Roy Buchanan’s death seemed an almost cliche one for a blues man — the official story was that he hung himself in a Virginia jail cell after being arrested for public intoxication.
The account was disputed by his family, who suspected foul play.
But it was nonetheless a tragedy, because what was never in dispute was Buchanan’s ability and influence as a real-life blues guitar legend, once prompting famed guitarist Jeff Beck to dedicate a song to him.
And long before his death in 1988, Buchanan had earned the respect and awe of both his fans and his peers for one simple reason: He was one of the greatest electric blues guitar players to ever come along.
(photo courtesy of Powerhouse Records)
The ultimate tragedy of Buchanan’s life is that he never received the wider public acclaim he had long ago won from others in the music world. Rolling Stone magazine put him firmly on the list of the top 100 guitar players of all time, and Beck dedicated the song “‘Cause We Ended As Lovers,” a Stevie Wonder tune, to Buchanan on Beck’s 1975 classic, Blow by Blow.
Born in Arkansas, Buchanan relocated as a youngster to rural California, where his father was a sharecropper. He mastered the guitar at a young age and, by the late 1950s, was recording and touring.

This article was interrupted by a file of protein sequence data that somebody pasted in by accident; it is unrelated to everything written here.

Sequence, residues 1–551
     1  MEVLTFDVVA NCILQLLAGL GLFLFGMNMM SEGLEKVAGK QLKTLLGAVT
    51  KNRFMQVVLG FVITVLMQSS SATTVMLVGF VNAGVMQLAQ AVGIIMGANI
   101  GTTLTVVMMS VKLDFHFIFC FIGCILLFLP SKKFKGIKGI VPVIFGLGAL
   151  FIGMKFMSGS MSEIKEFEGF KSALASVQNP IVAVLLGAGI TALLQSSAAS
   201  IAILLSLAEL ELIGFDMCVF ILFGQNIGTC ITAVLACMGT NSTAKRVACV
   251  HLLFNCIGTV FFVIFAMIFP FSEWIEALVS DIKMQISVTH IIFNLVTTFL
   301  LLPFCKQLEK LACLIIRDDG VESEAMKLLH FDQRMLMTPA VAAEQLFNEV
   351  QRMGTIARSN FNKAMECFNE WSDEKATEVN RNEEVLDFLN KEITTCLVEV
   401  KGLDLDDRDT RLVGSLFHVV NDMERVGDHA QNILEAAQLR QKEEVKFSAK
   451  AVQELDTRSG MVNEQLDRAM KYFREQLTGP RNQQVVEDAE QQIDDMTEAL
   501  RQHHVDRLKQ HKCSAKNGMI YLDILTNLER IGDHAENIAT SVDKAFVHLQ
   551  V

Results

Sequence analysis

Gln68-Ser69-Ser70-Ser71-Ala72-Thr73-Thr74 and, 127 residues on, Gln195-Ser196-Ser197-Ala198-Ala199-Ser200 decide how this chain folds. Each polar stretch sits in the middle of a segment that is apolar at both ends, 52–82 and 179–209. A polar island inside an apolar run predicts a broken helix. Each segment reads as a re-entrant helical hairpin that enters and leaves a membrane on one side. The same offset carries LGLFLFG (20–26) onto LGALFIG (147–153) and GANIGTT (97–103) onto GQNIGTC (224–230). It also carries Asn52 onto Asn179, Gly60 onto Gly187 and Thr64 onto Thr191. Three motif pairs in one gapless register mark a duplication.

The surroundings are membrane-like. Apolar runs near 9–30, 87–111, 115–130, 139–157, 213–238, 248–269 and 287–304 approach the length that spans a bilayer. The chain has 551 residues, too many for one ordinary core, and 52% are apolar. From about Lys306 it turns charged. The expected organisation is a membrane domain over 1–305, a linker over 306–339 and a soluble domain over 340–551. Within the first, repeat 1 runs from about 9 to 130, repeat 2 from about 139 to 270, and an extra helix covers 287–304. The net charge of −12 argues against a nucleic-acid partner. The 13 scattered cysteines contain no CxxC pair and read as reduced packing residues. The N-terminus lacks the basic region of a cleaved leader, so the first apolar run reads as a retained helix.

While playing for his cousin, Ronnie Hawkins, Buchanan even tutored a young guitar player named Robbie Robertson, who later rose to fame with The Band.
Building a name for himself, Buchanan drew more attention in 1971 when he was featured in an hour-long documentary titled “The Best Unknown Guitar Player in the World” — a title that stuck with him.
The documentary led to a record contract with Polydor, and his first release for the label was Second Album. He went on to record a total of five albums with the label, but retired from recording in 1981, frustrated with his lack of control over his music.
He ultimately did return to the studio with Alligator Records, and released When a Guitar Plays the Blues, which remained on the Billboard charts for 13 weeks. In all, he released a dozen albums before his death, the last in 1987 — although other recordings were released posthumously.
By then, Buchanan had long struggled with an alcohol addiction, which culminated with his controversial death in August, 1988, inside the Fairfax County Jail in Virginia.
What didn’t die with him was his legacy — and the well founded respect of other blues guitar greats.
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(NOTE: This is part of my ongoing series of reports on guitar players who fly under the mainstream radar. Keep checking The Listening Room for future installments of guitar players you should know – JF)
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